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Monday, 11 January 2010

Fifteen: Ripe with hype

15 Westland Place
Old Street, N1 7LP
tel: +44 (0) 870 331 1515

Jamie Oliver. You either love - or hate him. I think I'm still in the love phase, although he has become a bit of a caricature of himself. But you've gotta give the guy a break. His concept for Fifteen is admirable: take groups of disadvantaged young people and teach them to cook in a world-class restaurant. All hail Saint Jamie! Sure, there have been a few hiccups but what do you expect when you give a second chance to homeless, unemployed crack addicts? Getting a table can be an exercise in Dalai Lama style patience, but I'll tell you right here, right's worth the pain. Fifteen is divided into two levels. Up top, the trattoria. It's more relaxed and inexpensive than the basement dining room, but the food is still divine. can bypass the frustrations of the reservation system if you fancy brunch at the weekend, because it's first-come-first-serve. You could have the loveliest Sunday ever if you started your morning at Colombia Road Flower Market, and then moseyed over to Fifteen. 
So, starting off with the trattoria. If you are an olive-lover, make sure you order the antipasti plate to start. The green olives are the largest, most delicious suckers I have ever tasted. The parma ham is wonderfully thin and fresh. Once I got over the initial excitement of the starter, I splurged on the char-grilled Scottish ribeye with roasted garlic tarragon butter and roasted potatoes as a main. Three words: melt-in-mouth. I don't know what they are doing to the cattle they are breeding on the posh Scottish estate Fifteen gets them from, but it must involve a lot of massage and singing. Happy cows make yummy cows. For desert, it had to be Jamie's famous chocolate brownie. It comes smothered in homemade vanilla ice cream and strawberries. My mates' vanilla cheesecake was also dreamy.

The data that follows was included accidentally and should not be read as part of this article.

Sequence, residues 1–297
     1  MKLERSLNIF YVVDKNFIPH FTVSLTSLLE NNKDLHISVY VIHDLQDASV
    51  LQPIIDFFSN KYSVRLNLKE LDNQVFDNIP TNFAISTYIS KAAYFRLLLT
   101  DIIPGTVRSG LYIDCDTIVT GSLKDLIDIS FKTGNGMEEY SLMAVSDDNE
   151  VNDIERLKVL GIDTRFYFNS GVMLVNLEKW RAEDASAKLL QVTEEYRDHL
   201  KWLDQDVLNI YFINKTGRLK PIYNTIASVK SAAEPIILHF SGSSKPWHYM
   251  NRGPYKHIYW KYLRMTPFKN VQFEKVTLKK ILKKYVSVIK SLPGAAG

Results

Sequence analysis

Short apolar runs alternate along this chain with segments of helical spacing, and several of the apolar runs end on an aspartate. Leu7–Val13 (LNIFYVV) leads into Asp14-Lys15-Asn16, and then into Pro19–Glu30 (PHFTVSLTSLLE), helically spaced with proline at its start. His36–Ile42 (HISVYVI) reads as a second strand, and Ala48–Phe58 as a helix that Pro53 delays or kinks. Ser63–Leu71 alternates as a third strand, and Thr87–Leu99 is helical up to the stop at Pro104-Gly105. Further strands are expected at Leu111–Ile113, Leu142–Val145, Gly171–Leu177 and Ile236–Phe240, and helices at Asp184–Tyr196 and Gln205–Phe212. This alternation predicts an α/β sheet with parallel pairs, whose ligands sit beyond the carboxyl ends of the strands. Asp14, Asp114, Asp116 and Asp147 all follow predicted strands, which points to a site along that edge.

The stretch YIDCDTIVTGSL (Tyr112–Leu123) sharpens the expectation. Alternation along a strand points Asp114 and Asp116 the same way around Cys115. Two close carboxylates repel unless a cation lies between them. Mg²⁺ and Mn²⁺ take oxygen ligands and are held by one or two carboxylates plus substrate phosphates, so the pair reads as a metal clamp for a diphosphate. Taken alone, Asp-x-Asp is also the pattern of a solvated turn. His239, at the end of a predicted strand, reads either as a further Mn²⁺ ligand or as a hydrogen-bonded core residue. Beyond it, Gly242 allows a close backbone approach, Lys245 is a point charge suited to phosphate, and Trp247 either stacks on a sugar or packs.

Downstairs, the dining room is an altogether more posh affair. If you're having dinner, you have no other choice than to go for the tasting menu. Not that it's a bad thing. It's just an expensive thing. It will put you back £60pp, not including wine. To start with, the very friendly staff bring you out an antipasti plate (similar to the one upstairs, including fat olives!) to share with your dining companions. The next course came as a bit of a surprise. An amuse bouche was delivered on a large white porcelain spoon. On it, a deliciously fresh scallop dressed with thin slices of ginger, mango, watercress, lime and white cranberries. If we are judging by spoonful only, it was one of the most divine things I've set my lips to. 
A tough act to follow, but a bruschetta of freshly picked Scottish crab and fennel did a mighty fine job. At this point, I was in such a good mood, that I wished I had splurged £40 extra for the sommelier to choose a wine with each course. For Primi: fresh gnocchi with a very rich Welsh lamb ragu. Secondi was a braised shin of beef, slow-cooked in red wine and spices. It was so good, I excused myself, went to the bathroom and texted my fiance about it. Desert was a tart au chocolat topped with blackberries and fresh cream. It sounds like a lot, but the portions are small enough that you don't feel like uncouthly unbuttoning your jeans. Yes, celebrity chefs have taken over the world at the moment, but with food this good, I'm happy to crown Jamie Oliver king.

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